It was six a.m. when I woke up one morning with a sharp glare beaming through my window into my sensitive eyes. I sat on the edge of my bed, rubbing my aching head, trying to get yesterdays heartbreak out of the way, and thought to myself, where has my life gone? I was eighteen years old, and my childhood had flown by. I could not remember what my life was like when I was three or even the past week. Bits and pieces of my life come into view, but vaguely. I focus too much on my thoughts rather than capturing every ounce of my life.
Later that day I had to watch my baby cousin Ashton, who was only thirteen months old; he has gorgeous blue eyes and a cowlick that gives him a natural mo-hawk. He ran up to me and slapped my leg with a loud giggle and a smile wider than the Pacific Ocean; I responded with a frightful jump because he had just wakened me from a dreadful daydream about my past relationship. It was almost as if he knew I was not paying attention to him. I leaned forward in the black chair and engaged myself in his play. While I was watching him, I took interest in his actions. The kid easily laughed, especially when I tilted my face and blew out my cheeks to look like a monkey. I would have never laugh at something like that. He even allowed himself to cry when he attempted to walk, but his legs gave out to make him tumble over. I would have held my emotions in because I was too worried about what people might think of me. He was also extremely curious and caught every detail around the room. He touched each and every colored Lego block intently, study and observe it, and then tilted his head slightly to the right and threw the block at me. As a result of my lack of attention, I was hit hard in the head with the block. He would take anything and have fun with it. There was never a dull moment for Ashton. His mind is young, and has little thoughts about the past and the future; therefore, he lives in the present, the current moment. Focusing on each moment gives him the ability to laugh easier and live life to the fullest, or even dodge lego blocks.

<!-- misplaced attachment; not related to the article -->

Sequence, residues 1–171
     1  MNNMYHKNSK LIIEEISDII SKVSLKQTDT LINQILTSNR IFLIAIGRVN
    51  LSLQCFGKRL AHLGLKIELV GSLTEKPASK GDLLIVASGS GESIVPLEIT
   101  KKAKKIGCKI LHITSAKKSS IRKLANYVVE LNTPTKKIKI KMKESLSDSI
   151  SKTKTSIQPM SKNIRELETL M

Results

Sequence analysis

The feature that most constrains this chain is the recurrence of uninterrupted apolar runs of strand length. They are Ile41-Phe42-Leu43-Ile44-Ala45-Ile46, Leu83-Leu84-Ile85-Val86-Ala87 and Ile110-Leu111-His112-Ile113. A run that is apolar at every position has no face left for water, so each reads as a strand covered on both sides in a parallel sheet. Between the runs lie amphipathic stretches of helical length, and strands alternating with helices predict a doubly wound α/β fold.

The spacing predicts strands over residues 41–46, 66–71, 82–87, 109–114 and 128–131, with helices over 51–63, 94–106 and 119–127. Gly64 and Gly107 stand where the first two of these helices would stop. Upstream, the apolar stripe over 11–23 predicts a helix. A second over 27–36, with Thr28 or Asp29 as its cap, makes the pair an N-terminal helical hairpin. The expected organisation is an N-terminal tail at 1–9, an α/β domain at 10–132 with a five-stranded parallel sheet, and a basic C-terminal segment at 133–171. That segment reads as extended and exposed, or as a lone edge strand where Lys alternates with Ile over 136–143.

It was at that point in time, when I sat back in the black leather chair next to Ashton, with my arms behind my head and thought about that boy next to me. It came to me that I would have attained more of my life’s memories if I was awake, and not pondering about past failures. Ashton and I then decided to conclude our evening by transforming a room that had nothing to do, into an extraordinary room with an enormous mess of toy cars, Legos, and stuffed animals. I will never forget the first day of my life that I was awake. Noticing every detail in life and knowing that there is never an ordinary moment allows enjoyment to enter my life. This I believe.
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